Watershed is an e-zine distributed by the Indiana Association of United Ways to showcase a united, community-based response to the tornado and flood disasters that devastated parts of Indiana in 2008. Many major highways and county roads were closed due to waist-high water. More than 30,000 Hoosier homes sustained extensive damage, thousands of people were evacuated from their neighborhoods and overall damage exceeded $1 billion.
Volume 1 Number Eleven (, 1.03 MB)
This final issue summarizes Indiana’s response to the 2008 floods and storms and details the importance of a disaster plan during calm times.
Volume 1 Number Ten (, 656 KB)
What has been accomplished overall in the flood-stricken Indiana communities and how they're thriving or still need help a year and a half later.
Volume 1 Number Nine (, 722 KB)
Learn how communities raised funds to rebuild after the floods and how a grant from the Indiana Natural Disaster Fund has made a huge difference.
Volume 1 Number Eight (, 830 KB)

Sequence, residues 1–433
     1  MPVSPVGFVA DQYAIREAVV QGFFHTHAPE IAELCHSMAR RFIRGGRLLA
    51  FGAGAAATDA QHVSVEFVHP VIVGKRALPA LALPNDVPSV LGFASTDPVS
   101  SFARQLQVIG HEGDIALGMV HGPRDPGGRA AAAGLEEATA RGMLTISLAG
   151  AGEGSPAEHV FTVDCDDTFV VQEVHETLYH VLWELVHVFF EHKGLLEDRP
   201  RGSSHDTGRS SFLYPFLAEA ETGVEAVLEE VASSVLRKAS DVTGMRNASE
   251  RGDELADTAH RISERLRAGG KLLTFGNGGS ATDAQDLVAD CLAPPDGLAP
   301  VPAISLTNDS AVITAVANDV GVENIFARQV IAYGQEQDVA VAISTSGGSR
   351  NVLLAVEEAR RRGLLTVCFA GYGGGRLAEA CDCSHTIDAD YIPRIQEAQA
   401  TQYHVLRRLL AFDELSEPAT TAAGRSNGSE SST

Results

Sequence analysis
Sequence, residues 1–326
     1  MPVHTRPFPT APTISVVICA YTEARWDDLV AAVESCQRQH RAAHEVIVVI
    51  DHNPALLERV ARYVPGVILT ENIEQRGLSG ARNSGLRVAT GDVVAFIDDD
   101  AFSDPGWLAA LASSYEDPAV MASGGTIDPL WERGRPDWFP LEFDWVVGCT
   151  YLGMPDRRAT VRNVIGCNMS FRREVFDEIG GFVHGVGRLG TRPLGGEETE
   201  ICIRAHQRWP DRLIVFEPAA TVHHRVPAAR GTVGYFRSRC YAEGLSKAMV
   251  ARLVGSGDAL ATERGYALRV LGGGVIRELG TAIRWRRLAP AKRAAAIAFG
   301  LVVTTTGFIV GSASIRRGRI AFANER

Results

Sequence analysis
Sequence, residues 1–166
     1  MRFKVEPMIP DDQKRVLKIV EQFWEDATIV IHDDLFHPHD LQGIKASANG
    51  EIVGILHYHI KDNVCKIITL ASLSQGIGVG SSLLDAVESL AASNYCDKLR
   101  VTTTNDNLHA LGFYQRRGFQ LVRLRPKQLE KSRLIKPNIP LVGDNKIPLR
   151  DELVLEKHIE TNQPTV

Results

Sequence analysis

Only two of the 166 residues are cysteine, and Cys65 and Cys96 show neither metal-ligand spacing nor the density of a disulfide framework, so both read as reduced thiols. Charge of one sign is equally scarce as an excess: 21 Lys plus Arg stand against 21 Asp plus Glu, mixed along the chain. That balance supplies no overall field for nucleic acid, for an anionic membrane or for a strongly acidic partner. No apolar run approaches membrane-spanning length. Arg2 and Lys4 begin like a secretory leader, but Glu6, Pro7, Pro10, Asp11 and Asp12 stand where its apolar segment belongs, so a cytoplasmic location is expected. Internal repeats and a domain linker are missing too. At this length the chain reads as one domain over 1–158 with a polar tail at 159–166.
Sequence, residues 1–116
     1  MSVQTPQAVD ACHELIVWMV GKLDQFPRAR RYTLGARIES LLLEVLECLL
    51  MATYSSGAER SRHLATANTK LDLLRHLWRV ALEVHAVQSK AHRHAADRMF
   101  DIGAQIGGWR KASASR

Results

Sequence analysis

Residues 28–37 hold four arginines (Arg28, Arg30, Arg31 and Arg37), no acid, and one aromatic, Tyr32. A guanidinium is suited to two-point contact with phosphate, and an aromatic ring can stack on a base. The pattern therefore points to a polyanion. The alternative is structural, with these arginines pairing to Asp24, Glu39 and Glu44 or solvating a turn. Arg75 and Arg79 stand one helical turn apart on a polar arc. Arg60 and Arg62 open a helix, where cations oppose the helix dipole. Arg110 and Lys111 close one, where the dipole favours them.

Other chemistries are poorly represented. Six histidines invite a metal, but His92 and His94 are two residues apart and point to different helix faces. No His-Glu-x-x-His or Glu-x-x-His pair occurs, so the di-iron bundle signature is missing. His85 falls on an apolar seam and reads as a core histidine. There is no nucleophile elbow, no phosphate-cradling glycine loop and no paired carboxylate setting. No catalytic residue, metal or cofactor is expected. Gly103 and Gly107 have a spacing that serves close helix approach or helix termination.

Mental health experts and those at area 2-1-1 sites around Indiana respond to immediate crisis and work through the healing process.
Volume 1 Number Seven (, 975 KB)
Lakeshore Area Regional Recovery of Indiana continues to work with more than 900 families in need of aid from Floods caused by Hurricane Ike.
Volume 1 Number Six (, 971 KB)
Just one year after winter floods overtook parts of Northwestern Indiana, they hit again. DANI helps communities based along the Tippecanoe River.
Volume 1 Number Five (, 521 KB)
Learn why dozens of students from California to Washington, D.C., felt strongly about giving up their vacation to help Hoosiers in need.
Volume 1 Number Four (, 801 KB)
There’s often a frantic effort to get back into a flooded house. But sometimes coming home isn’t so easy.
Volume 1 Number Three (, 455 KB)
Find out why trained case managers are vital to families and their recovery.
Volume 1 Number Two (, 947 KB)
Weeks after a disaster, spirits plummet as the rush of attention and volunteers leave.
Volume 1 Number One (, 608 KB)
Flash floods caught residents in Terre Haute, Columbus, Helmsburg and Monticello off guard.